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Expensive-Cow5368 t1_j9zjnbm wrote

Counter argument: I budget for two paychecks a month, so every month is 28 days. Every couple of months I get an extra paycheck that compensates for whatever slip-ups or miscalculation I did during the previous months.


timmyboyoyo t1_j9zlcuo wrote

When do you get extra


blay12 t1_j9znti5 wrote

They get paid bi-weekly (once every 2 weeks) rather than semi-monthly (twice a month, usually the 15th and either the 1st or 31st), so occasionally the offset lines up and gives you three checks in a month (e.g. your payday falls on the 1st, second payday on the 15th, third on the 29th).


FiddleTheFigures t1_ja1hilg wrote

Happens twice a year if you’re paid bi weekly because you’re getting 26 paychecks (52/2) vs the 24 checks for a semi monthly (some would say bi monthly) arrangement.


AlexandrinaIsHere t1_ja03cb9 wrote

The down side to it is that it swaps the date you can expect a check from the first week of the month to the second week. So it's a little bit before I feel like I can relax and spend the "extra"


hearnia_2k t1_ja0u596 wrote

Getting paid every two weeks, or twice a month are both unusual, except in the US. IT's much more common to get paid once a month.


blay12 t1_ja0yqoj wrote

Lol ok, but I wasn’t commenting on what’s normal in different places, I was just explaining how a bi-weekly payment schedule can result in 3 checks a month.


hearnia_2k t1_ja138ru wrote

Edit: I misread, indeed it makes sense now.


blay12 t1_ja146zp wrote

Lmao what? They…literally said they get two paychecks a month, why are you trying to turn this into an argument lol?


paxmlank t1_ja13rni wrote

"I budget for two paychecks a month."


blakeh95 t1_ja1f8m7 wrote

2 checks x 12 months = 24 checks.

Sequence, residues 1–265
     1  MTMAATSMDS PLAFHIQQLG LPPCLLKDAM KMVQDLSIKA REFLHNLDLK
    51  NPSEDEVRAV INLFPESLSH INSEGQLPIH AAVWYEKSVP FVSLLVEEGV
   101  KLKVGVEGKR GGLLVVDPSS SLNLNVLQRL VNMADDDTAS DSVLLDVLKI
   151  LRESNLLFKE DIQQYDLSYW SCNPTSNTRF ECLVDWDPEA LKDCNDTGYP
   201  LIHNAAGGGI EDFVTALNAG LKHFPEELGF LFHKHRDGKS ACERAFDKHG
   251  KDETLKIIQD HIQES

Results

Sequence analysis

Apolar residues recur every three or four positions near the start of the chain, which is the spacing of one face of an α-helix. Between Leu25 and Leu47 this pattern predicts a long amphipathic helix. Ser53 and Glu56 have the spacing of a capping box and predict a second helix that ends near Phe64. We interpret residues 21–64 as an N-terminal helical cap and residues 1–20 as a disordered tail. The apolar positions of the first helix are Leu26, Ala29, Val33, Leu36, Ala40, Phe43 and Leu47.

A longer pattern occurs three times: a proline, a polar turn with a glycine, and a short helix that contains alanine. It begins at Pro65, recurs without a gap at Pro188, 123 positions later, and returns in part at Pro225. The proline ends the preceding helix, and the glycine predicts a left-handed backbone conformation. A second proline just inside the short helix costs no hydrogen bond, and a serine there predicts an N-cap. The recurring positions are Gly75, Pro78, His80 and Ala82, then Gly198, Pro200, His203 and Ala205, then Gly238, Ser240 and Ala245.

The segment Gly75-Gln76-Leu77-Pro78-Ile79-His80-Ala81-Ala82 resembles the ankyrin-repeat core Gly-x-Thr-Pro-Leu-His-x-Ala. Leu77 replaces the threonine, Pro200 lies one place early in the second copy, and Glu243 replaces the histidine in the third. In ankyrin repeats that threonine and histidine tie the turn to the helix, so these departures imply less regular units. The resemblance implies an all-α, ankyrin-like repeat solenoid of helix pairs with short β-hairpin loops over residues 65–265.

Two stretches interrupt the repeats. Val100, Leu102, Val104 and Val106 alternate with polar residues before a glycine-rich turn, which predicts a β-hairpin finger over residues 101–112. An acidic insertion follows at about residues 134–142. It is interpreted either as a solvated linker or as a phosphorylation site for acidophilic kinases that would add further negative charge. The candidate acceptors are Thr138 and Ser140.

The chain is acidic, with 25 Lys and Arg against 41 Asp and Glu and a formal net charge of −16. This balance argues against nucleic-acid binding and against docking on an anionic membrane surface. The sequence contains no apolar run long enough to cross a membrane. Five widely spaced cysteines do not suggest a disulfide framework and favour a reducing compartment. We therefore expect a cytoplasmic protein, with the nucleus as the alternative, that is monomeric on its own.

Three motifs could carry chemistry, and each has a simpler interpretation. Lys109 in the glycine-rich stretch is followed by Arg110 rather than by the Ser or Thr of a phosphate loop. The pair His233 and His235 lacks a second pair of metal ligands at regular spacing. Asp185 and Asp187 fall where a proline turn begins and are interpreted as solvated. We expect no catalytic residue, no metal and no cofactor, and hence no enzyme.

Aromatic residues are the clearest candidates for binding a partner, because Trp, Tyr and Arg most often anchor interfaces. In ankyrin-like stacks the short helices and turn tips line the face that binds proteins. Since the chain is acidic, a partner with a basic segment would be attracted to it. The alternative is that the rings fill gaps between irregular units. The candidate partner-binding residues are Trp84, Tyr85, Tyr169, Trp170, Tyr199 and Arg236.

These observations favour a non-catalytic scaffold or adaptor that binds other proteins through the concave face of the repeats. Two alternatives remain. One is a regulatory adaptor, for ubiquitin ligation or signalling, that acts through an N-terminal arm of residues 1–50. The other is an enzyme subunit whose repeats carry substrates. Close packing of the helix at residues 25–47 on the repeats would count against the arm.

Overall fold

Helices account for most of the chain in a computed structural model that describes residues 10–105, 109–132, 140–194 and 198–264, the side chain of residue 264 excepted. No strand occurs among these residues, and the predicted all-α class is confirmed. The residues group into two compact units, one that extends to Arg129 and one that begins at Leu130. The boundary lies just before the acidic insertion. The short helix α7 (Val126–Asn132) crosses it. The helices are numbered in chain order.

But you actually get paid every 2 weeks, so that’s 52 weeks per year / 2 weeks per check = 26 checks.

26 checks received - 24 checks budgeted = 2 extra.

For bonus points, there are occasionally years with 3 extra checks because 52 weeks x 7 = 364 days, not 365.


5l4 t1_ja3rnjr wrote

In very rare years you could also have 27 cheques (if January 1st was a pay day or January 2nd and it’s a leap year).


blakeh95 t1_ja4d734 wrote

…yes, this would be the years with 3 extra checks that I mentioned.


Impossible_Memory_65 t1_ja1t1ba wrote

There are 2 months during the year that have 3 pay perioda if you get paid bi weekly. I think it's October and May . One is on the first, one in the middle, and the third on the last day . I budget for two pay checks per month ( between the first and last day of each month) so the months with three checks between the first and last day seems like a bonus


SophiesUncle t1_ja5njqr wrote

Lol it's not October and May. Everyone gets paid at different times of the week. Some get paid on Thursdays, some Fridays, etc. Also, different weeks, maybe we're both Fridays but your pay is this week and mine is next week, that'll change the months that get the 3rd paycheck. Also, every year it changes too, not always consistent. The only month you know it probably won't be would be February. Unless it perfectly works out that when a pay occurs on Feb 1st, it's also a leap year.


Prometheus188 t1_ja3kdbz wrote